Amber McLaughlin becomes first trans woman to be executed in US history

A graphic showing US trans prisoner Amber McLaughlin wearing a white t-shirt and looking towards the camera. In the background there is a faded trans flag with a shadow of prison bars cast over it and another image of Amber McLaughlin looking to the left

Amber McLaughlin, the first trans woman to be given the death penalty in United States history, has died by lethal injection in Missouri.

McLaughlin, 49, was executed at 6.51pm on Tuesday (3 January) at a facility in Bonne Terre, Missouri after being convicted of murdering her former girlfriend, 45-year-old Beverly Guenther, in 2003. 

The state’s governor, Mike Parson, denied McLaughlin clemency on Tuesday ahead of her execution, after her attorneys petitioned Parson in December, stating she has expressed remorse, and noting she has been diagnosed with brain damage and foetal alcohol syndrome. 

Parson said in a statement: “McLaughlin is a violent criminal. Ms Guenther’s family and loved ones deserve peace.

“The State of Missouri will carry out McLaughlin’s sentence according to the court order and deliver justice.”

According to NBC News, on Tuesday McLaughlin made a final statement expressing remorse for the 2003 murder, then went on to speak with her spiritual advisor as the execution took place.

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“I am sorry for what I did… I am a loving and caring person,” the final statement read.

McLaughlin’s attorney Larry Komp said in a statement to the Kansas City Star: “Amber confronted her execution with great courage… and we take some solace in knowing Amber became her true self in what became her last years.”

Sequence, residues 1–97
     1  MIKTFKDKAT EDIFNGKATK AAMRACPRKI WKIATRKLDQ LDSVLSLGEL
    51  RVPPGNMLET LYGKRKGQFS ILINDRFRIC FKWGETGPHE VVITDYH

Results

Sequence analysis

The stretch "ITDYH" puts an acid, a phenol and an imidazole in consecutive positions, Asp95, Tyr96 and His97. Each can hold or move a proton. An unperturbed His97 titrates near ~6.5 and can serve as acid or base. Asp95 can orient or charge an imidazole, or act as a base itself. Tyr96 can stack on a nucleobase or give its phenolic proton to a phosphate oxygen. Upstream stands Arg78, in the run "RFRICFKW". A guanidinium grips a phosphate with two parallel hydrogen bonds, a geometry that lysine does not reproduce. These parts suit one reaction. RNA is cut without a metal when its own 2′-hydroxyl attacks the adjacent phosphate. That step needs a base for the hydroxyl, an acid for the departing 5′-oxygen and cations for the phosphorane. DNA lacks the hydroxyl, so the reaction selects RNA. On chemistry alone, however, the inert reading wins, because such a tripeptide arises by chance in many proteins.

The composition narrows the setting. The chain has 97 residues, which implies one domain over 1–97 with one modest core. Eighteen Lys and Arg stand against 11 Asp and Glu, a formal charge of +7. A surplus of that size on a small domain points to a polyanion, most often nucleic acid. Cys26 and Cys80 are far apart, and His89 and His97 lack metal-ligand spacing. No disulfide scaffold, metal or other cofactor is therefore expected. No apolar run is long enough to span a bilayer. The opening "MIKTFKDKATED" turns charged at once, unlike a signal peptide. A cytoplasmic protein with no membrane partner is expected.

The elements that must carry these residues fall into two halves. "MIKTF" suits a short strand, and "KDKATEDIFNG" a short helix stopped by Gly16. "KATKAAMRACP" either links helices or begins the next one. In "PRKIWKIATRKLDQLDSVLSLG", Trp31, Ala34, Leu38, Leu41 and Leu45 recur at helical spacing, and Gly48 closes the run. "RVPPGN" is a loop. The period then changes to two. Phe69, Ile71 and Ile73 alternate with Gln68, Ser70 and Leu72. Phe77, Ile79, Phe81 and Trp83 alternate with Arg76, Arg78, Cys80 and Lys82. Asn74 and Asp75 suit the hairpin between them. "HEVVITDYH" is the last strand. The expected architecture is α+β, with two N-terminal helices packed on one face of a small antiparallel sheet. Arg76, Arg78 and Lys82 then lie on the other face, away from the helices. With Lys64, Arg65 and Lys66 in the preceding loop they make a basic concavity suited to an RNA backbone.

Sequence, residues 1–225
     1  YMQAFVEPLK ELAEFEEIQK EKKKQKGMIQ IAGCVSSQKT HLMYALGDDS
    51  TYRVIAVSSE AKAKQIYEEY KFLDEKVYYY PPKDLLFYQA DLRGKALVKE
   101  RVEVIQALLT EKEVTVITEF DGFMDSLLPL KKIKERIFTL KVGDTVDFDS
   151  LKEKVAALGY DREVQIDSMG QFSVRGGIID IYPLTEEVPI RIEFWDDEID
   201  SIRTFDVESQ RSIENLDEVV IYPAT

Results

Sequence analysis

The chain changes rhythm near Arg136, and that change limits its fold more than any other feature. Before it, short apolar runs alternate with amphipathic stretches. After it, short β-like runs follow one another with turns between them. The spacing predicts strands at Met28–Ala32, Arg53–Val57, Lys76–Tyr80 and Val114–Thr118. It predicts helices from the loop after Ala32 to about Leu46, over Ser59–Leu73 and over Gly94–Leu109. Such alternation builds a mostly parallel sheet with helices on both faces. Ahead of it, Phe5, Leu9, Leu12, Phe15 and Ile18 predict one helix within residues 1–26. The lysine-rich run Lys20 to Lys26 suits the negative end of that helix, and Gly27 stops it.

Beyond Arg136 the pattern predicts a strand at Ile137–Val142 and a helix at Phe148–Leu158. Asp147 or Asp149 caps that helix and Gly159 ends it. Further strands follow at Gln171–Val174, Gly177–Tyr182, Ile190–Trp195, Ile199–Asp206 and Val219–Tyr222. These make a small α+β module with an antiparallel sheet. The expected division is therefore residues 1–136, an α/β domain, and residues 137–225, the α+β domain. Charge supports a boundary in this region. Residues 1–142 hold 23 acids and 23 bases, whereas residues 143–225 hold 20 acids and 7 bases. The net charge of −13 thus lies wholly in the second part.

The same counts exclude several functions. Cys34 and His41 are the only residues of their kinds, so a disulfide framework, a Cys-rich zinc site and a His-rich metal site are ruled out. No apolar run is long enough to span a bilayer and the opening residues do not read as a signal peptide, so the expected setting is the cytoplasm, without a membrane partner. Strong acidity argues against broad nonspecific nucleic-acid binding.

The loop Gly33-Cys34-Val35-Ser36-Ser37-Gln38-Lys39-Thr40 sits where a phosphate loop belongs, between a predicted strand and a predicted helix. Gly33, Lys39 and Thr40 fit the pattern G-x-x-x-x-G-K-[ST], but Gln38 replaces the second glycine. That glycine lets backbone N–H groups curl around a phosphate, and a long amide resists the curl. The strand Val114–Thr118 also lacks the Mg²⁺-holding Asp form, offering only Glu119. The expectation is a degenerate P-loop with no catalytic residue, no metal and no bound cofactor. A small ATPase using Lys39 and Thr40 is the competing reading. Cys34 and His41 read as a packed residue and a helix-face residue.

Potosi Correctional Center in Missouri
McLaughlin was housed at Potosi Correctional Center in Missouri. (Google Maps)

Ahead of the murder almost two decades ago, McLaughlin reportedly “terrorised” Guenther, showing up at her workplace repeatedly, and leading Guenther to obtain a restraining order. 

McLaughlin fatally stabbed Guenther on 20 November 2003 as she attempted to return home from work, with McLaughlin then leading police officers to where she had dumped Guenther’s body.

McLaughlin was convicted of first-degree murder in 2006, with a judge sentencing her to death. Until her death on 3 January, she was held in a prison which houses male inmates.

Her petition for clemency from execution contained details of childhood abuse her attorneys claimed were not presented to the jury at the time of her trial. 

According to the petition, McLaughlin was “abandoned” by her mother during childhood and placed into the foster care system. The application goes on to highlight the abuse and trauma McLaughlin suffered in foster homes.

Due to her difficult upbringing, she reportedly battled depression which led to “multiple suicide attempts,” the petition says.

Komp told CNN in December that her execution “would highlight all the flaws of the justice system and would be a great injustice on a number of levels”.

“It would continue the systemic failures that existed throughout Amber’s life where no interventions occurred to stop and intercede to protect her as a child and teen,” he said.

“All that could go wrong did go wrong for her. There is so much hate out there, so I admire Amber and her courage as she embraces who she is.”